FHA unveils “Back to Work” Guidelines for those who had a Short Sale, Foreclosure, Deed-In-Lieu, or Bankruptcy
HUD released Mortgagee Letter 2013-26, also referred to as “Back to Work” that features enhanced guidelines for home owners who lost their homes via short sale or foreclosure due to financial difficulties. “Back to Work” shortens the required wait periods for borrowers wanting to buy a home again.
Quick Qualifying Guide
This program was announced by FHA by way of Mortgagee Letter 2013-26 on August 15th, 2013.
Here’s a quick breakdown of everything you need to know to quickly identify if you should follow up with a qualified lender for actual qualification.
Qualifying for Back to Work requires asking for an exception due to extenuating circumstances. Extenuating Circumstances are defined as a 20% drop of income due to loss or reduction of income for 6 months.
Eligible Economic Events
Loss of Income must be documented in one of two ways:
- A written Verification of Employment documenting the date and amount that income dropped, and when it was restored, or:
- Signed tax returns or W-2s showing a minimum 20% loss in Household Income
Loss of Employment must be documented by providing the lender:
- A written Verification of Employment (VOE) showing termination date, or:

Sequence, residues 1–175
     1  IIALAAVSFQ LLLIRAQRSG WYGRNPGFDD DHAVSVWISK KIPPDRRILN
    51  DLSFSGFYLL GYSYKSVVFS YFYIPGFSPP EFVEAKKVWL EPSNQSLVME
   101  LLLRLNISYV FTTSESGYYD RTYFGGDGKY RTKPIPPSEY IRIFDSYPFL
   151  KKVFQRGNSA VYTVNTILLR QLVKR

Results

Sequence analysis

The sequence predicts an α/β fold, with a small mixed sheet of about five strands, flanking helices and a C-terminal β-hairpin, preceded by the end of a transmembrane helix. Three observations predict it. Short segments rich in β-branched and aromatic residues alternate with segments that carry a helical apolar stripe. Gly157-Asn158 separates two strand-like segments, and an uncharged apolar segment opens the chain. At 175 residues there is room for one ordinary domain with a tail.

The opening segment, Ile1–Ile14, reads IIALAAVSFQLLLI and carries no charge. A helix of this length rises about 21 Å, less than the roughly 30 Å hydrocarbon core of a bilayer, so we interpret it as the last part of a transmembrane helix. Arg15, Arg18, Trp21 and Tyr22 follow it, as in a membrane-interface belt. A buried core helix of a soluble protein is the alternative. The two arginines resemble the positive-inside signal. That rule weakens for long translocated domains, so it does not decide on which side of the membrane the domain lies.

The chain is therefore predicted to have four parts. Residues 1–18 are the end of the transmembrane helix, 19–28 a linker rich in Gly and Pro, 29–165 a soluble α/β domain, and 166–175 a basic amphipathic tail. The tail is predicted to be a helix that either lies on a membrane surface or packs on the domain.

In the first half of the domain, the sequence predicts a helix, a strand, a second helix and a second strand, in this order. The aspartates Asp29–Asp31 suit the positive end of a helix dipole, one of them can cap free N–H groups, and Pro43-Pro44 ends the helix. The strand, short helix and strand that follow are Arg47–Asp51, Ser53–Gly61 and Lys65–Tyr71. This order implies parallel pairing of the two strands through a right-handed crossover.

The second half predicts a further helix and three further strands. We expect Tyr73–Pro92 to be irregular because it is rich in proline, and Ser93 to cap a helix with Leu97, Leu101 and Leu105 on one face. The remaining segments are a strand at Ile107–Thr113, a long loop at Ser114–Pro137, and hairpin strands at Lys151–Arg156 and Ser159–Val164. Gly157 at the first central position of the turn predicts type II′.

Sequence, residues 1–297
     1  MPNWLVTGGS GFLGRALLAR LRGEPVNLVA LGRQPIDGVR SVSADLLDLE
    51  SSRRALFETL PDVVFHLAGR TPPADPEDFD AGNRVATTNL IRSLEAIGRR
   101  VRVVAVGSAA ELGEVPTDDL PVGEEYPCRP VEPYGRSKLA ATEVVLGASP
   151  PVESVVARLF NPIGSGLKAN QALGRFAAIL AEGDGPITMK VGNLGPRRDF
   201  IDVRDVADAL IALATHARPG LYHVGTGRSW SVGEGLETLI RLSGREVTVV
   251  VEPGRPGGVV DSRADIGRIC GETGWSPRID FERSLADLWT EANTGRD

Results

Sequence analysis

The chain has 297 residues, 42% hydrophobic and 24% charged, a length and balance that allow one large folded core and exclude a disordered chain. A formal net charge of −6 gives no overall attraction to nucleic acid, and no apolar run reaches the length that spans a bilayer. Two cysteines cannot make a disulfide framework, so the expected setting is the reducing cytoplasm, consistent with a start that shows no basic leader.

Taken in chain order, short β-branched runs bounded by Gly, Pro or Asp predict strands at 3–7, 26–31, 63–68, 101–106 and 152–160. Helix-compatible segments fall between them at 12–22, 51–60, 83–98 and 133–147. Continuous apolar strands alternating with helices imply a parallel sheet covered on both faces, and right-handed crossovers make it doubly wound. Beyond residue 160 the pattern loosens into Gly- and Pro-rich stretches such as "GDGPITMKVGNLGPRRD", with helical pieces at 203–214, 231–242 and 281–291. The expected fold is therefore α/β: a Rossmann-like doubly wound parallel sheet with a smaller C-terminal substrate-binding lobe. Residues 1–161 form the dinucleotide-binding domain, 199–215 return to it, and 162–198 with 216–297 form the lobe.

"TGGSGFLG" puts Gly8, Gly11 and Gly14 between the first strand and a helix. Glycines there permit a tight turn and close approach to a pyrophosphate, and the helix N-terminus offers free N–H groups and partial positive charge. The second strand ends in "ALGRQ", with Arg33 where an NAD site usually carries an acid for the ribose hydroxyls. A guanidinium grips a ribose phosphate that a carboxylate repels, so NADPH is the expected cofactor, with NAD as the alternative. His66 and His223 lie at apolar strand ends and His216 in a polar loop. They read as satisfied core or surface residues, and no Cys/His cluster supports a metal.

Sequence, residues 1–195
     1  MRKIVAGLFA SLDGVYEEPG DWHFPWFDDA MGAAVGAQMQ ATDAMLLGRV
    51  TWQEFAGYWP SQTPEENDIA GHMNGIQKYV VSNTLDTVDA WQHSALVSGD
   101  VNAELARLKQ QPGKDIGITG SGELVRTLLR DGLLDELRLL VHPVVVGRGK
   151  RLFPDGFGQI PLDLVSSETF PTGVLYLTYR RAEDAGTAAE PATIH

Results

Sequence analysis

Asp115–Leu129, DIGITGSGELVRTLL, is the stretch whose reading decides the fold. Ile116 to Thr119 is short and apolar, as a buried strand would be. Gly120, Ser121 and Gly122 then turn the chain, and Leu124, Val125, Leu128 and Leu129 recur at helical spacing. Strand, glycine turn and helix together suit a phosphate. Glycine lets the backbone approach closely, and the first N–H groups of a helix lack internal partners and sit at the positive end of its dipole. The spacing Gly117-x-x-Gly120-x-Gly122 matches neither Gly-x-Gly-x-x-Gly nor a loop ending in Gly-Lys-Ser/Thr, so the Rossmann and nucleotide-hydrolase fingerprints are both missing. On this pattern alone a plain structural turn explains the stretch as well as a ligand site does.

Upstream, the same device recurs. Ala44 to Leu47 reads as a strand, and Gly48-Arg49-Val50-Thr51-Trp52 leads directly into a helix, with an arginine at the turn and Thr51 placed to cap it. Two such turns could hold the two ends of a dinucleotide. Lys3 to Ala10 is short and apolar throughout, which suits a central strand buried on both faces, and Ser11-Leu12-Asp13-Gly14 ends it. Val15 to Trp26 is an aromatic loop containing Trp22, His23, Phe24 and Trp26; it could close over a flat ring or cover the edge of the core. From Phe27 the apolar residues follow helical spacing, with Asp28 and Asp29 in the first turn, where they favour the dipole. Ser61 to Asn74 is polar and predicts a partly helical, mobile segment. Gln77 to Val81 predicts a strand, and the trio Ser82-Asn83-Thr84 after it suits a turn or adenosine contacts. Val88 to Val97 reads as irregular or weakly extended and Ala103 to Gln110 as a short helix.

- In cases where the your prior employer went out of business, a written termination notice, or:
- Other publicly available documentation of the business closure, and:
- Documentation of receipt of unemployment income
When Can I Buy Again?
You can buy again in with 12 months of on-time payments, and proof that you have recovered from your Economic Event.
Under the Back to Work Extenuating Circumstance exception, you can buy after bankruptcy, foreclosure, short sale or deed in lieu of foreclosure that was the result of a minimum 20% drop in income or loss of employment over a minimum of 6 month period.
What to Expect
Before you get too excited, please keep in mind that although HUD and FHA recognize these hardships and are willing to allow borrowers who have faced these hardships to buy again before the current waiting periods, we are waiting to see if lenders will embrace these guidelines. Just because HUD and FHA (or Fannie or Freddie) have certain underwriting standards, it doesn’t mean that all banks or lenders have to offer them. It’s not a law – it’s a guideline.
This is a new program. Those early to qualify to buy again using the Back to Work program will find it helpful to be patient during the qualifying process. Ask your lender if they are familiar with this exception, and even for lenders that are familiar, there is a lot of documentation that will be required in order to qualify for this exception.
That being said, get on board now if you want to beat the rush!
To see all FHA Mortgagee Letters visit: http://bit.ly/HUDml.